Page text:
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RoboCop (free)

  • Central Library 201 West Mifflin Street Madison, WI, 53703 United States (map)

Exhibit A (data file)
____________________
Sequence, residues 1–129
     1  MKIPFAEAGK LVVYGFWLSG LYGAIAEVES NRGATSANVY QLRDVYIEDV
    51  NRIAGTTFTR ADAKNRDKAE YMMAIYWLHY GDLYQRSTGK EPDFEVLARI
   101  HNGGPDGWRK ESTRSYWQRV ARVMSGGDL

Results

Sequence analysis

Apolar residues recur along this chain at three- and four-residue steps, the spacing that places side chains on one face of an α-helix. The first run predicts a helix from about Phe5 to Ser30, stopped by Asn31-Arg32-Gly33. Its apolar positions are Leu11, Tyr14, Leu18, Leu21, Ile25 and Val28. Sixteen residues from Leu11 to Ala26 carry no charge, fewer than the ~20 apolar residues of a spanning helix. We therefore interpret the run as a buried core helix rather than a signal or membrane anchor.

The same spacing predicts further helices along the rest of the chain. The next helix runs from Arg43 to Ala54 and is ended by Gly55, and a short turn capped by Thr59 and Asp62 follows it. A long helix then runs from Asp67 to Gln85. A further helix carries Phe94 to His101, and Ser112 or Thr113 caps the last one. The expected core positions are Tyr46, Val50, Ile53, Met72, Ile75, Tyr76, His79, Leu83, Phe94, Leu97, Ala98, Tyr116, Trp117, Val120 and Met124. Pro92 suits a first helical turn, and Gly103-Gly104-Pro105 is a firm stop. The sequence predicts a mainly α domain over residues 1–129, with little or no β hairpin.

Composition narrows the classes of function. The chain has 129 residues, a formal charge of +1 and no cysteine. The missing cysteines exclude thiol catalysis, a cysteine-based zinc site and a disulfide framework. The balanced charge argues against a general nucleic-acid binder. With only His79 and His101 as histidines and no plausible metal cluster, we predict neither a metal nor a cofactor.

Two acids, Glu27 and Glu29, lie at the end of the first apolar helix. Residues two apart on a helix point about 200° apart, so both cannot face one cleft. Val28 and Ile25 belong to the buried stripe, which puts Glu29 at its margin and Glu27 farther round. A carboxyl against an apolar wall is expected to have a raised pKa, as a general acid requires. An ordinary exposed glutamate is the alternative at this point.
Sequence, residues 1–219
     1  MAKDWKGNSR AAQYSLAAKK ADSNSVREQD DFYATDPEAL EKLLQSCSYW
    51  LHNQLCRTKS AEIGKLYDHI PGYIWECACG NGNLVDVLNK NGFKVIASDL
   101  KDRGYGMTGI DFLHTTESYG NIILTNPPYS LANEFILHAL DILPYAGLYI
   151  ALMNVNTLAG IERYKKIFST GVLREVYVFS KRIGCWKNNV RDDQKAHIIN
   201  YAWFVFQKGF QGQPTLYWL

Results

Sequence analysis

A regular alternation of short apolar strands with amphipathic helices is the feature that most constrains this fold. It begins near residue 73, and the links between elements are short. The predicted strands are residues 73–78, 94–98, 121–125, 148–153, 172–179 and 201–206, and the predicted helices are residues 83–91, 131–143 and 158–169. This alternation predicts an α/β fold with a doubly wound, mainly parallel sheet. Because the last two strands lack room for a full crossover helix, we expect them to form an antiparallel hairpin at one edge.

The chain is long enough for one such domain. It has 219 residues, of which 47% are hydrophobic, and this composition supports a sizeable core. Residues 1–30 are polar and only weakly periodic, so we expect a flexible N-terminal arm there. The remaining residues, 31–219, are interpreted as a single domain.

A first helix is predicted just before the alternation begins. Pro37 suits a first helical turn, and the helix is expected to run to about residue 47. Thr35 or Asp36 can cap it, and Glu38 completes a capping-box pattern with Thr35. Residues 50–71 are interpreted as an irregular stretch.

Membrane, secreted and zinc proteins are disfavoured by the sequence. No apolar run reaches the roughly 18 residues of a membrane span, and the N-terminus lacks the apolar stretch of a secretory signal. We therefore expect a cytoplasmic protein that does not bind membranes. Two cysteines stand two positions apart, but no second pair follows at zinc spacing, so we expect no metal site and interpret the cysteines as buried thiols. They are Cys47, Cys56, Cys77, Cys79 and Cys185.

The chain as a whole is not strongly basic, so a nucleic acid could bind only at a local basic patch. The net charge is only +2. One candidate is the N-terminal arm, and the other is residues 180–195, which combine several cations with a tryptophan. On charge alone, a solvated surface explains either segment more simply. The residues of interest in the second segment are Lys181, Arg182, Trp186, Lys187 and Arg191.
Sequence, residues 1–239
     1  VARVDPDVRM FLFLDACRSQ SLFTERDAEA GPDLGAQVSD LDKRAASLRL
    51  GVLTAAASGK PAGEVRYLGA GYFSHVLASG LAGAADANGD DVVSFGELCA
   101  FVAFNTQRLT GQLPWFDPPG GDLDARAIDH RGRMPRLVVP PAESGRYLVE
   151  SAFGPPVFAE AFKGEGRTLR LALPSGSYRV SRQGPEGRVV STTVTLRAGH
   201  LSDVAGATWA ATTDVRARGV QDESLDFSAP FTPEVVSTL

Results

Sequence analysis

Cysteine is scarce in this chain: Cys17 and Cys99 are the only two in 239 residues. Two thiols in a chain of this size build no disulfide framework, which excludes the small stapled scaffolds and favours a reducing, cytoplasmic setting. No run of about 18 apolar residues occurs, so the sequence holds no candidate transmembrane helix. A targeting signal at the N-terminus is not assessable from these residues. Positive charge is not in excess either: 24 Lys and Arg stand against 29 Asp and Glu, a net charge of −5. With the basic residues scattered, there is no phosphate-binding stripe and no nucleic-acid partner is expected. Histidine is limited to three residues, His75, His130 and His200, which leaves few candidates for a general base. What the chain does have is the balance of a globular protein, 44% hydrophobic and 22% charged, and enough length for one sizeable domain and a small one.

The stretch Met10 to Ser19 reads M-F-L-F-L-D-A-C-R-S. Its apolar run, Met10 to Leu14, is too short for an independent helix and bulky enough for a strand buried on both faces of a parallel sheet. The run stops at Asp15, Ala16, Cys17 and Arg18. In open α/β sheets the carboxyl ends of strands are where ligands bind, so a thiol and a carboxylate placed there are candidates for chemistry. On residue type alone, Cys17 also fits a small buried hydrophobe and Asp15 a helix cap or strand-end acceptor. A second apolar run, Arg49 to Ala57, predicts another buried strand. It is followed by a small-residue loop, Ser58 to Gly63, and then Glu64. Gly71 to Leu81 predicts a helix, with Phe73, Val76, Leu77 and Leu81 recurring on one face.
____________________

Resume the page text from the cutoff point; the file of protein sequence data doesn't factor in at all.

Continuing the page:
Paul Verhoeven's original RoboCop (1987) stands as one of the most recognizable titles in the cyberpunk canon. While the film's titular ironclad cyborg's iconic design made it popular, this seminal dystopian film has remained vital for 30 years because of its sharp barbs at the corporatocracy (in a then-near-future Detroit). Actually, this may now seem like a retroactive forewarning in the era of the Trump administration. Current populist revelations have perhaps had an impact on the renaissance of the whole science fiction subgenre (notably, with Denis Villenueve's upcoming Blade Runner 2049), but it's difficult to neatly box Verhoeven's vision into the ongoing trends of dark neo-noir. Rather, co-writers Edward Neumeier and Michael Miner assist the director's knack for hyper-violent satire in the construct of a crime drama. And it's further fortified with absurdist action sequences that mesh with the sleazy TV show catchphrase ("I'd buy that for a dollar!") on the periphery of the main story that all characterize its toxic culture. Even the police force is adjoined to the corporate machine of Dick Jones (Ronny Cox)'s Omni Consumer Products (OCP), who've essentially bought the resource-strapped police department and attempted to gentrify the entire city. One of the only honest cops, Murphy (Peter Weller), gets cornered and blown away by the brutal gang leader Clarence Boddicker (Kurtwood Smith). But the decimated policeman is reborn in the hands of OCP scientist Bob Morton (Miguel Ferrer, RIP), who fits what remains of his mortal body into a cybernetic suit while removing all memories of Murphy's former life. With this experiment, Morton and OCP hope to exert total control (a main theme) over the new class of officer that will serve the "public trust" but, really, the company's will. RoboCop is tenaciously entertaining, penetrating, and one of the best American films of the 1980s, providing Detroit with its own everlasting fictional hero, and transcending its slick surface-level aesthetics (including stop-motion puppetry) through an emotional examination of human identity. —Grant Phipps